Port Lockroy blog 2: Happy Polar Pride!
Laura Büllesbach, museum manager and postmaster at Port Lockroy, celebrates Polar Pride by remembering British polar explorer and botanist Elke Mackenzie.
To mark Polar Pride Day, which takes place every 18 November, our team at Port Lockroy had a day of colourful celebrations. Polar Pride was initiated in 2020 and highlights the contributions of LGBTQ+ people to polar sciences in both Antarctica and the Arctic. And what better place is there to celebrate than on our gorgeous island surrounded by glaciers and gentoo neighbours?
Laura celebrates Polar Pride (Credit: Laura Büllesbach/UKAHT)
As if the weather knew that there was cause to celebrate, we woke up to sunshine, a cloudless sky and mountains being reflected in the shimmering sea. Invigorated by the glorious weather, we located a vast array of glue, scissors and pens and rolled up our sleeves. In a creative crafting session, everyone produced a variety of Pride placards and decorations. And then we were ready to march!
Have we ever had a Pride parade with sledges, anyone? Dressed in our most colourful puffer jackets and equipped with flags and handmade placards, our procession of five (plus Bluey the bear) walked and pulled our way over the length of our 200m-long island. Instead of music, we were accompanied by the cries of skuas and snowy sheathbills over our heads.
Bridie celebrates Polar Pride (Credit: Laura Büllesbach/UKAHT)
At the end of our procession, we raised the Pride flag high into the sky on our flagpole, where it will stay for the rest of the season because Polar Pride is every day! With the gentoos cheering us on from a distance and the Antarctic sun shining in our faces, this was the most special Pride celebration I have ever had.
To me, Pride means being able to feel comfortable in being myself in this different and unknown environment. It also means seeing and experiencing it with open eyes, challenging heteronormative biases when observing the nature around us and advocating for more diverse polar sciences beyond queer identities.
Most importantly, it means thinking about and honouring the people that have come before us. Here in Port Lockroy, we are walking in the footsteps of Elke McKenzie – a trans woman and passionate lichenologist. An Assistant Keeper of lichen collections at the Natural History Museum in London, Elke had a special interest in the lichens of Antarctica.
In 1943, scientists were sent to Port Lockroy as part of the Second World War’s secret Operation Tabarin. Elke joined and finally got a chance to study them up close. She went on to spend three years in Port Lockroy and managed to collect over 1,000 specimens – even discovering a new species of lichen!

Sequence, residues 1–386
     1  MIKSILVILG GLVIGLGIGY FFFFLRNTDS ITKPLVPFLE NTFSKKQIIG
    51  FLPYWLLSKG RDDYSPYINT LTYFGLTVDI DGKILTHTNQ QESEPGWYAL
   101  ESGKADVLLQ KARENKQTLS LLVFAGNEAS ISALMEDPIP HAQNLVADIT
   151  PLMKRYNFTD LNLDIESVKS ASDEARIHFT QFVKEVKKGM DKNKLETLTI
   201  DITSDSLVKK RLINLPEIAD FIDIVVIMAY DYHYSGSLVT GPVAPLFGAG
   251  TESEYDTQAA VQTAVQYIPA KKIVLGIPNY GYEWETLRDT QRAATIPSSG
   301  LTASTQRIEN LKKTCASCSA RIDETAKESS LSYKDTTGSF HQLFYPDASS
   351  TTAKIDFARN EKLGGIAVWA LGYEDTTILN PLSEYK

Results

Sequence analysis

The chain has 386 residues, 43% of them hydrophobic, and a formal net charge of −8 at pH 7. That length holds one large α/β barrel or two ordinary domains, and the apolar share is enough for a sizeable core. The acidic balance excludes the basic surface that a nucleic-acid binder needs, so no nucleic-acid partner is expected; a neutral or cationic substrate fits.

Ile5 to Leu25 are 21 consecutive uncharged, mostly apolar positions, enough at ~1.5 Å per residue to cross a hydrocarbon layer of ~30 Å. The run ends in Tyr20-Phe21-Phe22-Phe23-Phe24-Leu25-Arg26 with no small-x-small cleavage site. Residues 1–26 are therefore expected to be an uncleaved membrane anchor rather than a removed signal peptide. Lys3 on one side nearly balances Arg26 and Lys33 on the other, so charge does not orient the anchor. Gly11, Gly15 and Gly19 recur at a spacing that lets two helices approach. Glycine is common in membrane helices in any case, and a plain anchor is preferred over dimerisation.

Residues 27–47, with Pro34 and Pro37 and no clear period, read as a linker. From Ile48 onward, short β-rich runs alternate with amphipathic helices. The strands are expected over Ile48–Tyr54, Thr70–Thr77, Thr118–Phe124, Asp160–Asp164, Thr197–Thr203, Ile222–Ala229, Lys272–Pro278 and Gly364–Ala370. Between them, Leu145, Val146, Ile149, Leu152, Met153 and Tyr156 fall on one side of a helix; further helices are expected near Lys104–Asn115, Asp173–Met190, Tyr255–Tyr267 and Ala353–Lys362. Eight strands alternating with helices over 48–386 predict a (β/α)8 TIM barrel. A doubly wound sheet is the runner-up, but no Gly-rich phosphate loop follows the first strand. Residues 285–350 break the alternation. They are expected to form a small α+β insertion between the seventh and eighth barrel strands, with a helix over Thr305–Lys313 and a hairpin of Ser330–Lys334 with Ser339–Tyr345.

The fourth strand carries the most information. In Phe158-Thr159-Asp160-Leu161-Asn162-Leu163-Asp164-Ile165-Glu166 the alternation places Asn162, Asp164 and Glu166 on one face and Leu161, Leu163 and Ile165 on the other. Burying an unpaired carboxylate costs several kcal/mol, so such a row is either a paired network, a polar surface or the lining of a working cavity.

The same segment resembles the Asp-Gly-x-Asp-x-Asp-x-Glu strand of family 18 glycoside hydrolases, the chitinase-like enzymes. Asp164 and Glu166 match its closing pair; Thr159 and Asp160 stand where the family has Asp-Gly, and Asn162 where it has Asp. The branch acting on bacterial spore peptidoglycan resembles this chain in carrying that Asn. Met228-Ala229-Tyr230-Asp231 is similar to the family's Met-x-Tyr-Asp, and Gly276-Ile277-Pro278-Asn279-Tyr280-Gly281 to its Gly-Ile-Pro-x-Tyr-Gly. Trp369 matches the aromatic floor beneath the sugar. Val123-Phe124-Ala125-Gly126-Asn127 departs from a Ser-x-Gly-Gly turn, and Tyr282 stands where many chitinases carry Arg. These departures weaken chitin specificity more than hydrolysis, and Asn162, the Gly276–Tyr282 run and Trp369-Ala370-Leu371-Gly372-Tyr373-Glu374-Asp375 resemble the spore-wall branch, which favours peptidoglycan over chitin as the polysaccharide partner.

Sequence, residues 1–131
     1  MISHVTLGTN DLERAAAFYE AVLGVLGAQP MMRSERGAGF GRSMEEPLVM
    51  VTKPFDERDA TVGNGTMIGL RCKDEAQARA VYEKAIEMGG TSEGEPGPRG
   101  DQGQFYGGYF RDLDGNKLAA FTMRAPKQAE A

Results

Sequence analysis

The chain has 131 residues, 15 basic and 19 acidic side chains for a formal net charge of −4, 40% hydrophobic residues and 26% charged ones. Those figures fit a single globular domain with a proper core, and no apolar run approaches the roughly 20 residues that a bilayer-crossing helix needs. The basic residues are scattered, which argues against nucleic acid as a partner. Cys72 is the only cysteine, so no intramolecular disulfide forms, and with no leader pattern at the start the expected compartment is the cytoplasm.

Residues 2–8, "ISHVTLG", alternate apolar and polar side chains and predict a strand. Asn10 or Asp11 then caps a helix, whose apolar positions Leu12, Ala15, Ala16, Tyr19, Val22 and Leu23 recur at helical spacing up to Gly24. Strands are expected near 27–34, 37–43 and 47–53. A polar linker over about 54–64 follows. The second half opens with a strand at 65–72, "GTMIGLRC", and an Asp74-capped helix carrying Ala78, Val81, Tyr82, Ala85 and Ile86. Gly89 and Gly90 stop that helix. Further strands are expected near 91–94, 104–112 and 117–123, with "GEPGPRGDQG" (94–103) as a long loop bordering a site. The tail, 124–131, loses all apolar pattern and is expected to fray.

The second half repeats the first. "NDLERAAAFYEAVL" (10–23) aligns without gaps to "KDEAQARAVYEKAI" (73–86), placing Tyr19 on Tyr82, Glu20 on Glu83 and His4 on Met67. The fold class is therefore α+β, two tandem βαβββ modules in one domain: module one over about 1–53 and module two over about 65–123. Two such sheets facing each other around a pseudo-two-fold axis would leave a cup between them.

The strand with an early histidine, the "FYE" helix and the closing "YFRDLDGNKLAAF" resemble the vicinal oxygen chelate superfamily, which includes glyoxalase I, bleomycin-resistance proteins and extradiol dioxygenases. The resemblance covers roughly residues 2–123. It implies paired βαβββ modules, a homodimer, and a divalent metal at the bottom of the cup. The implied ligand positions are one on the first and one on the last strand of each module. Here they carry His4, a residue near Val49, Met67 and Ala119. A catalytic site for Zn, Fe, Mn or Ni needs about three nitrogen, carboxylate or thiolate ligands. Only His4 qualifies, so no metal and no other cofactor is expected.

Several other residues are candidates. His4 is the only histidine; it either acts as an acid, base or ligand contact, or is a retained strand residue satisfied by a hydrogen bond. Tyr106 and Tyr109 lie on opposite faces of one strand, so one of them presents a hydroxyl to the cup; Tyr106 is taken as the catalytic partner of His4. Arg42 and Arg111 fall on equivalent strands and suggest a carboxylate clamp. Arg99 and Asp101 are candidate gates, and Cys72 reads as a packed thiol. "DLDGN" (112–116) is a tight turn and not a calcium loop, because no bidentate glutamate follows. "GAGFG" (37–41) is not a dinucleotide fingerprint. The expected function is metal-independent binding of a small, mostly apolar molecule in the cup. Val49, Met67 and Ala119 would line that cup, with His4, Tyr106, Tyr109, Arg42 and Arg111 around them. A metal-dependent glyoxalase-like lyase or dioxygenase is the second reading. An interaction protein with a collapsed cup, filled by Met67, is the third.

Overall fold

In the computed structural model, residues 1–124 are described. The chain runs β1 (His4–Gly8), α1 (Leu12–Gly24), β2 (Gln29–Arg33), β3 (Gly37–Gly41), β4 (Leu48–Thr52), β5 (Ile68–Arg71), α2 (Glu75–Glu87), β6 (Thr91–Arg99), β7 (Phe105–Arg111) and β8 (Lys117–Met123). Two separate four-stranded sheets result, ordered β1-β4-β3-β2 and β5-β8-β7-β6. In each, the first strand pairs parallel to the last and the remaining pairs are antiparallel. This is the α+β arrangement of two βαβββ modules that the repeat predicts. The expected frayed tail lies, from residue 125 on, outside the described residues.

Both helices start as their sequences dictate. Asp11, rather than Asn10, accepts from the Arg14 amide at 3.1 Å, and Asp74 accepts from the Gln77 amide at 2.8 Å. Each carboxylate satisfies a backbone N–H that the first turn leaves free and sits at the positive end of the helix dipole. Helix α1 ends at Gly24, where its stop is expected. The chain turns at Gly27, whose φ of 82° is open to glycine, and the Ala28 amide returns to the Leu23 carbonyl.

Until today, her discovery Verrucaria serpuloides is the only known lichen with a permanent habitat under the ocean water. Apart from conducting her studies, Elke documented everyday life on base with diary entries, photographs and wonderfully detailed drawings.
Clare celebrates Polar Pride (Credit: Laura Büllesbach/UKAHT)
After her return from Port Lockroy, Elke became the director of the Farlow Herbarium of Cryptogamic Botany at Harvard University and even went back to Antarctica again in 1964. In 1971, she legally transitioned. Harvard was unsupportive of her decision and forced her into early retirement, which brutally ended her successful career.
Almost all of Elke’s work was published before her transition and under her birth name. This includes her book ‘The Secret South’, which describes her experiences during Operation Tabarin. In her later works, however, she began to include her chosen name.
In the 1972 issue of Occasional Papers of the Farlow Herbarium of Cryptogamic Botany, she acknowledged herself, “Thank you to Miss Elke Mackenzie for technical and bibliographic assistance in the preparation of this paper”.
Raising the Pride flag (Credit: Laura Büllesbach/UKAHT)
Today, when I admire the colourful lichen I see on beach walks and write base diary entries that continue the ones she wrote back in the 1940s when we have art-making sessions or take photographs of our life on base, it feels like ours and Elke’s lives are not so different. I wonder what she must have felt like and thought about, standing on those same rocks as we are today.
I wish she could see that 80 years after her time in Port Lockroy, a Pride Parade is marching across the island!
– Laura Büllesbach, museum manager and postmaster, Port Lockroy
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